Four distinct features mark the route taken by the 5′ ssDNA strand. First, the ssDNA is close to Lys310 in the inter-domain linker between the OBD and E1HD (distance ~2.3 Å, subunit E), which makes a contact with the ssDNA likely, thus fixing the path of the ssDNA (Fig. 5b, c, Supplementary Fig. 5b). While Lys310 is not conserved in the papillomavirus sequences (Supplementary Fig. 4) the K310A mutation shows a significant reduction (up to ~50%) in helicase activity, supporting its functional role in BPV E1 DNA unwinding (Fig. 4a). Second, the TNS loop of subunit D is interacting with and displacing the ssDNA upward (Fig. 5a–c). Alignment of nearly 100 papillomavirus sequences from the databases reveals an overwhelming preference for polar residues in this segment; only in a few cases is Asn352 substituted with serine, threonine and very rarely alanine. A range of amino acid substitutions tested at position 352 all showed reduced DNA unwinding activity (Supplementary Fig. 5c–e). Notably, glycine and lysine substitutions showed more than 50% and a nearly four-fold reduction of unwinding, respectively, indicating that relatively weak interactions with DNA by the polar Asn352 may be required. Together, therefore, Lys310 and Asn352 may be optimal for guiding the exit path of the 5′ ssDNA. Third, we traced as poly-alanine the E1 C-terminal tails (C-tT). They start from the AAA+ domain and form loops at the subunit interfaces (Fig. 2a), ending within a cleft between collar domain subunits. This puts the acidic portion of the tail (amino acids 584–594) ~8 Å below the ssDNA path (Fig. 2a, left panel, and Supplementary Fig. 5b). The proximity of this segment to the ssDNA would induce repulsion between these electronegative elements, thus ensuring unimpeded passage of the ssDNA away from the helicase domain subassembly. Finally, the OBD from subunit E interacts with the 5′ passive ssDNA strand. The linker (residues 303–314) anchoring OBD E to the E1HD allowed us to define its approximate orientation, which was refined by an automated docking of the X-ray atomic model (1KSY) (Fig. 5d–f, see the “Methods” section). The fitting indicates that Lys168 of the N-terminal helix (α1) and Lys279 from helix α5 of the OBD are close to the ssDNA (3 and 4 Å, respectively), thus presenting a different binding surface to DNA compared to OBD B. Lys168 is conserved in all papillomavirus E1 sequences except for rare substitutions with arginine, while the majority of PV sequences have Lys or Arg at the position corresponding to Lys279 in BPV E1 (Supplementary Fig. 4). In helicase assays, the variant E1 proteins K168A and K279A show ~15% and 30% reductions in DNA unwinding, respectively (Fig. 4a, Supplementary Fig. 5a). Accordingly, Lys168 and Lys279 of OBD E may play a role in guiding the emerging 5′ ssDNA strand away from the helicase motor.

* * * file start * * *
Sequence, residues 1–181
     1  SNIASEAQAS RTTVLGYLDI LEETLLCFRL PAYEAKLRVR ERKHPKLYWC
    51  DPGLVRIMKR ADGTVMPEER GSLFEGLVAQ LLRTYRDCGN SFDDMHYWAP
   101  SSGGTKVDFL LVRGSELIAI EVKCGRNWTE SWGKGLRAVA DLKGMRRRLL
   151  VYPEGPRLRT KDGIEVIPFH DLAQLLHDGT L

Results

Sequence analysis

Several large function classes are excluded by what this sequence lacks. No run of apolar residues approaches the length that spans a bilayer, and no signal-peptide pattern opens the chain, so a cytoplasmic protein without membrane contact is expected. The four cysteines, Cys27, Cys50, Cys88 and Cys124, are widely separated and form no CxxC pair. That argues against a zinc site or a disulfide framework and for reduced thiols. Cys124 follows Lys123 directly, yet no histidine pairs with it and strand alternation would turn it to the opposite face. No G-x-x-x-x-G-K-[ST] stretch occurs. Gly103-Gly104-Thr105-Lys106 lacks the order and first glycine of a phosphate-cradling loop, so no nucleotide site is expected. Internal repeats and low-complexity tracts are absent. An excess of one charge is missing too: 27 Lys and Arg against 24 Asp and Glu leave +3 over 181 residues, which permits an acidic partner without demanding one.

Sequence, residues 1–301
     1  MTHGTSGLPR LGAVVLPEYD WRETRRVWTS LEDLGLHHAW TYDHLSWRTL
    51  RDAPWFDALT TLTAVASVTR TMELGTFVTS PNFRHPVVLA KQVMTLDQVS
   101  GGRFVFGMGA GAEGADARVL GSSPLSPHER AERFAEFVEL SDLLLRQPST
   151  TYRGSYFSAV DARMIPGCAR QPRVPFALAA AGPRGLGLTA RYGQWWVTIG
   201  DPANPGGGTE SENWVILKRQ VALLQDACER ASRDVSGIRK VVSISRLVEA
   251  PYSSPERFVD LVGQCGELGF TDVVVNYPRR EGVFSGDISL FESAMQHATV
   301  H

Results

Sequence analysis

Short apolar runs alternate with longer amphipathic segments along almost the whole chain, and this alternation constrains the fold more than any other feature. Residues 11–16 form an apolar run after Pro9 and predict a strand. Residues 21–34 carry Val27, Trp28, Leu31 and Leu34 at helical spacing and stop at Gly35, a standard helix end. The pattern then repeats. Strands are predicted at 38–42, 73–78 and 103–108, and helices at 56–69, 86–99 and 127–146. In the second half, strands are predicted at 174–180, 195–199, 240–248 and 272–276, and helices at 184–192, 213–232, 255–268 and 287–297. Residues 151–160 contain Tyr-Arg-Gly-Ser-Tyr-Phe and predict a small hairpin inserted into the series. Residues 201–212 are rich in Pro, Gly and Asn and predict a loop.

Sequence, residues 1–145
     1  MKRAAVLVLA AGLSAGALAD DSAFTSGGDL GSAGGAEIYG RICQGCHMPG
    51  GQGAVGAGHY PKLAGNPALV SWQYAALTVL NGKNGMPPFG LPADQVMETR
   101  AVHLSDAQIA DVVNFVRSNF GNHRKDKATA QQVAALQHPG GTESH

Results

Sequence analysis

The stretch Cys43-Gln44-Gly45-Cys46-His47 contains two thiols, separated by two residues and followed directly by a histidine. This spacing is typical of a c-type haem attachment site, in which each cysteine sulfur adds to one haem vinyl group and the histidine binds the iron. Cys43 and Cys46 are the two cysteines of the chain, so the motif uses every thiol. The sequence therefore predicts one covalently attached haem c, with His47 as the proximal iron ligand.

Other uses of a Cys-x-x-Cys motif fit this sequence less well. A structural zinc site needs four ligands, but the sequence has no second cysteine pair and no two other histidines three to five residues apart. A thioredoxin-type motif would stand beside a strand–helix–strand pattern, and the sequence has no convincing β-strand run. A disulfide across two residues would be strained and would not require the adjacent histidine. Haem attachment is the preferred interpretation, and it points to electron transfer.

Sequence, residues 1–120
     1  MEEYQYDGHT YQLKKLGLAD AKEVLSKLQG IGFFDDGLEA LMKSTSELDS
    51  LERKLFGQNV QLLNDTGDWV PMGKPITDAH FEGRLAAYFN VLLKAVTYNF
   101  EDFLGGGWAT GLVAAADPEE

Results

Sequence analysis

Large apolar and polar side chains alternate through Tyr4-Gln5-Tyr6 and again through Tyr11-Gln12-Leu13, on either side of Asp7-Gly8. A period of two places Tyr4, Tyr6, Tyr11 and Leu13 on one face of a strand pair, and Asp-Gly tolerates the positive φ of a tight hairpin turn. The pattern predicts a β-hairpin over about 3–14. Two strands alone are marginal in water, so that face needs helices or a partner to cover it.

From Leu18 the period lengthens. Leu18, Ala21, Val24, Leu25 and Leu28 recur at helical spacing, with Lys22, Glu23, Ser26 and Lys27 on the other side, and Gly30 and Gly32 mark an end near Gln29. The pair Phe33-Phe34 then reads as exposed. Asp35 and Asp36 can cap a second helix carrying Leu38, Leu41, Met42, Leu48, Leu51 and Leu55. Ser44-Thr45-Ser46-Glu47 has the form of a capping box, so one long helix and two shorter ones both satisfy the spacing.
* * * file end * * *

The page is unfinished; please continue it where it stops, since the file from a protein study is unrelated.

Interaction of the 3′ ssDNA with the E1HD